Port-mortem encounters, UNHCR, and the state of emergency response

 I have struggled with my cultural identity for as long as I can remember. It required a long journey to understand the destructive influence of collective trauma and face the supposed universal logic of modernity as an exception. It was only through the encounter with many other dead worlds, that I could see myself clearer and understand that my sense of belonging is ‘settled in the movement’ of death and renewal. In some weird way, UNHCR stands in the same position as I, settled between world-endings and beginnings, but constrained by the limits of the cartesian rationale, labeled worldviews, and prefabricated plans.

It is time now to change the content and the terms of the conversation.  Up to this point and even after centuries of exploitation, in many communities spread across the world, the nature-culture cleavage does not make any sense. By transcending the cosmovision of the human as the center of all that exists, Amerindian cosmologies of Suma Qamaña, Swaraj in India, or even Ubuntu in South Africa are forms of knowledge as logical or rational as European thought but inspired by the ideas of commons, reciprocity, and solidarity. Humanitarian organizations must be attentive to the work being done by these populations and their organizations, to achieve sustainable economies, to learn, and to innovate.

In order to co-create better futures and extend the reach of aid, we must nurture awareness of the past and recognize the transformative capacity of deploying diverse thinking spectrums within action plans. And above all overcome the urge to innovate on behalf of others. Instead of being the saviors, humanitarian agencies can collaborate with civil society actors and act to provide communities with resources and means that allow them to be the agents of their own futures and adapt to systemic challenges on their terms.

Many lands are much more than soil; they can be intrinsically linked to identities, ways of living, values, culture, traditions, and histories. That is the case of the Nova Enseada community in Brazil, located amid the estuary and the sea. After years, the impact of human-related activities alongside the sea’s tidal force changed the coastal landscape and jeopardized this community’s existence by splitting their land in two and forcing a relocation. Due to the nature of the emergency that required an immediate response, fast solutions were found that failed to take the community’s connectedness with their land into consideration. The options were integration with a different society or relocation to the urban area.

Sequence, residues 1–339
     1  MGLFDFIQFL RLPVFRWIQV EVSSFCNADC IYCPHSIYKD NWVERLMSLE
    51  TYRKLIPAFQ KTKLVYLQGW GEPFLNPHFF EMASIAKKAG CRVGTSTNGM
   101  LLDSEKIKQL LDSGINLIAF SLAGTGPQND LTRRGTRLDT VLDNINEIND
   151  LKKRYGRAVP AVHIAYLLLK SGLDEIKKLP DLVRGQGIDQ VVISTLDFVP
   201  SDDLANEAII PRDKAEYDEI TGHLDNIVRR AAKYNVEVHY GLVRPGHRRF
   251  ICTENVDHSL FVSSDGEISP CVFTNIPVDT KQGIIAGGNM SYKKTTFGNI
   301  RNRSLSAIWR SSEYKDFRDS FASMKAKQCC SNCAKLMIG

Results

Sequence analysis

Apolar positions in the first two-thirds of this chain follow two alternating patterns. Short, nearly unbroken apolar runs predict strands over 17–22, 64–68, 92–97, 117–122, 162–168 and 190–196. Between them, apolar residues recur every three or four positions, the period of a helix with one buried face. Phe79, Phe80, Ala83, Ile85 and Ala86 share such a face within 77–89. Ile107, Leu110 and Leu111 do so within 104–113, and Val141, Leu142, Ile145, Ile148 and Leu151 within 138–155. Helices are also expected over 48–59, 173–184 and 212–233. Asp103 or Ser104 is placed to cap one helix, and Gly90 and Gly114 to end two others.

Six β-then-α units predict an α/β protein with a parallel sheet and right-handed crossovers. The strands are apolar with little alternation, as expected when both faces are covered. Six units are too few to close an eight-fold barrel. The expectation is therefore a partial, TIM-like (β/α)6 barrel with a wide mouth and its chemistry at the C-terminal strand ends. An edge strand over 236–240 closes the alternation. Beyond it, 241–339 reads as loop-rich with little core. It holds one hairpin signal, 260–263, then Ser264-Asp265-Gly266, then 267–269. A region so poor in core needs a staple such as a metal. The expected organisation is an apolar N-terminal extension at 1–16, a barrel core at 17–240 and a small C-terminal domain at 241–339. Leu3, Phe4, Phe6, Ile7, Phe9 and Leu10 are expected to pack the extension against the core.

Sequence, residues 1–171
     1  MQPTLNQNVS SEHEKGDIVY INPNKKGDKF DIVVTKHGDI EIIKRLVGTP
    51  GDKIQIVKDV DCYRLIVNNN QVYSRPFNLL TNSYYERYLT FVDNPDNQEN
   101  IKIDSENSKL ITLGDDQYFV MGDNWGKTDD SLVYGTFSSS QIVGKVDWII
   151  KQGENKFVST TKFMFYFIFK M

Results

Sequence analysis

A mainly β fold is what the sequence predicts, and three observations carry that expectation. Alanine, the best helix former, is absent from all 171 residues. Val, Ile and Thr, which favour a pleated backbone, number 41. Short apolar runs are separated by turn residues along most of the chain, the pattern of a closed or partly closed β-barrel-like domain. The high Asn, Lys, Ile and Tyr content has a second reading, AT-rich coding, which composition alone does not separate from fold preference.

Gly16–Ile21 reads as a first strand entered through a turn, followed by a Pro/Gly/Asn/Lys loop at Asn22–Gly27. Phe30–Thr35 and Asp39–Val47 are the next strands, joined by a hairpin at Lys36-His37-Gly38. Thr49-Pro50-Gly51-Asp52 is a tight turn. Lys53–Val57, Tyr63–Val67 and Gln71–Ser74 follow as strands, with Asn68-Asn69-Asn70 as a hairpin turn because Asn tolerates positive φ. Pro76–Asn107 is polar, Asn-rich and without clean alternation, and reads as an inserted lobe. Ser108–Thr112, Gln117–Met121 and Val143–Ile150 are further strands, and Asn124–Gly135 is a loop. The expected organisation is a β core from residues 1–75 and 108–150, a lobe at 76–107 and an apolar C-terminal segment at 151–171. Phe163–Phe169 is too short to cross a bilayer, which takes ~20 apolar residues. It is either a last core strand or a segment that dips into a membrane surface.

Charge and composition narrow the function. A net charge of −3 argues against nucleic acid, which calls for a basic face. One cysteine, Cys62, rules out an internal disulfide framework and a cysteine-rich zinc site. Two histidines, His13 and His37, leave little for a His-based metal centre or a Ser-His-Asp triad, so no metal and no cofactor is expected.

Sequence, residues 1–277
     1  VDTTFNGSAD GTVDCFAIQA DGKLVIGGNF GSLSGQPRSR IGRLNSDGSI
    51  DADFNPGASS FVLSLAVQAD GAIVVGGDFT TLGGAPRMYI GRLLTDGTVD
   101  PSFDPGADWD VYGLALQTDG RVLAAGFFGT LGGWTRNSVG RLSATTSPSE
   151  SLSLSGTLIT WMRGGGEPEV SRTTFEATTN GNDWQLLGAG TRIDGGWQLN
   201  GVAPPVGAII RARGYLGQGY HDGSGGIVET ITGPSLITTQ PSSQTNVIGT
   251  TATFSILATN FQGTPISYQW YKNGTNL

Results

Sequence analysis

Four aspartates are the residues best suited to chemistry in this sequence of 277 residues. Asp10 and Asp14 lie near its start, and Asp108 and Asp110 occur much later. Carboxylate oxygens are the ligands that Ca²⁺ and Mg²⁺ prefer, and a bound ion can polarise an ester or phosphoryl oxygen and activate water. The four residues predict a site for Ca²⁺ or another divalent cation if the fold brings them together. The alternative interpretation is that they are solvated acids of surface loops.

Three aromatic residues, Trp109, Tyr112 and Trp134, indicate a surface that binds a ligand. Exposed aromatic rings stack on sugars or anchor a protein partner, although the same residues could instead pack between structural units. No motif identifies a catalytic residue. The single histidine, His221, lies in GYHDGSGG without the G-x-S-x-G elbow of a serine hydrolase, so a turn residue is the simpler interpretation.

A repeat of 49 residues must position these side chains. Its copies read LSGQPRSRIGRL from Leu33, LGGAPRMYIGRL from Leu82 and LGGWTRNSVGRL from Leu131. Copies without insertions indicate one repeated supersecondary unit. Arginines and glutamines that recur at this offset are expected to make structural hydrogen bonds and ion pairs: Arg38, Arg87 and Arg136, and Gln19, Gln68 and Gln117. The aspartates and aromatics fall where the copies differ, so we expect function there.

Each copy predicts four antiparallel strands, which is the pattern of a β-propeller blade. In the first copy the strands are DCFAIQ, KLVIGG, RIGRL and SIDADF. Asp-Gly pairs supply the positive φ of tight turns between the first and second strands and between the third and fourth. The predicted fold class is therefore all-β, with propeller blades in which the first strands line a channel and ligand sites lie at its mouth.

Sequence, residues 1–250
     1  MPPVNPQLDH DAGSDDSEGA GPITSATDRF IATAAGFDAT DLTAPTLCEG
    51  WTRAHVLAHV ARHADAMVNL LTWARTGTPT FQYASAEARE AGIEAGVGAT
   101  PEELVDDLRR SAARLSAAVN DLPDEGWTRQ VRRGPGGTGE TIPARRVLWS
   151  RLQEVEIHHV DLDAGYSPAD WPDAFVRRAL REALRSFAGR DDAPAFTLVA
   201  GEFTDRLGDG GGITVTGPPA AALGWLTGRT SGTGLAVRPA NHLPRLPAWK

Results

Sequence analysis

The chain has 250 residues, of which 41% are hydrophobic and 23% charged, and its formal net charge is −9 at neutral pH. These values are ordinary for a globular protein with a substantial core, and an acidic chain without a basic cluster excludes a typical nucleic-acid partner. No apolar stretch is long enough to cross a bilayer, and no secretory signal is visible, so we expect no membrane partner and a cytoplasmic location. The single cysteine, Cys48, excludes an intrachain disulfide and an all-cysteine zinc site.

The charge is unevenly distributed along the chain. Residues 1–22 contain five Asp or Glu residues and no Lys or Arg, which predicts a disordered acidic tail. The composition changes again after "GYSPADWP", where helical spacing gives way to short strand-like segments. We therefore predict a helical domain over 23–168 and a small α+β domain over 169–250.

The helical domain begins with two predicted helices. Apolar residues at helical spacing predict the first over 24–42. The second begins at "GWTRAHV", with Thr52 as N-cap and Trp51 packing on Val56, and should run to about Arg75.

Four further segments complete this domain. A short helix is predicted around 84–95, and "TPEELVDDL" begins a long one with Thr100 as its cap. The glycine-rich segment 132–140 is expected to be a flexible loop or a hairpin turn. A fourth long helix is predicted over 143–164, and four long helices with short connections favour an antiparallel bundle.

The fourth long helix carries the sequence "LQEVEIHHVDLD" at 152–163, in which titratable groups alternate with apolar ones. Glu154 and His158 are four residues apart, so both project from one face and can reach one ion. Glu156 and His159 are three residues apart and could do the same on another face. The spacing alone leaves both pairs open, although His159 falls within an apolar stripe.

Nonetheless, both options meant the elimination of their culture and were rejected by its “beneficiaries”. The community then began to seek ways to pursue a self-managed relocation model,  focusing on finding a place with similar natural conditions and as close as possible to their original territory. During this process, they built their own network connected with different actors and organizations to defend their rights and support their cause. One of the encounters brought by these emergent connections came later with the South American Network for Environmental Migrations (RESAMA)[28]. This independent organization began to mobilize human and technological resources to grant visibility, support, and effective protection to communities at risk of displacement and/or trapped in vulnerable situations, by connecting the knowledge and expertise of affected communities to inform durable and culturally sensitive plans to cope with the effects of climate change[29].

Nova Enseada community courtesy of the community

The Nova Enseada community case is surely a clear  example of how the adoption of general aid blueprints is not suitable for the local context they are intended to address.  But above all, it’s a case that calls for meaningful local participation in disaster studies. Humanitarian organizations must rely on affected communities’ knowledge to find contextually appropriate responses and co-create multidimensional plans at the local level. Otherwise, such organizations risk seeing their relevance being questioned in the future. This can happen mainly due to the maintenance of outdated structures and procedures that have for a while now been blamed for “disempowering local perspectives by framing local populations’ way of life as the vulnerable exotic other”[30].

 How do we move forward from here? First, recognizing the flaws of the humanitarian system is not enough. Effective action to fix the system, its everyday habits, and ways of working is what matters most, and this can be achieved by addressing the cultural deficits between international organizations engaged in disaster risk reduction and communities at risk. One major avenue is stimulating awareness within the organization about the value of uncertainty to life’s renewal on Earth. The answer to the current challenges might be shifting the attention to marginalized narratives while seeking alternatives to promote cognitive justice[31].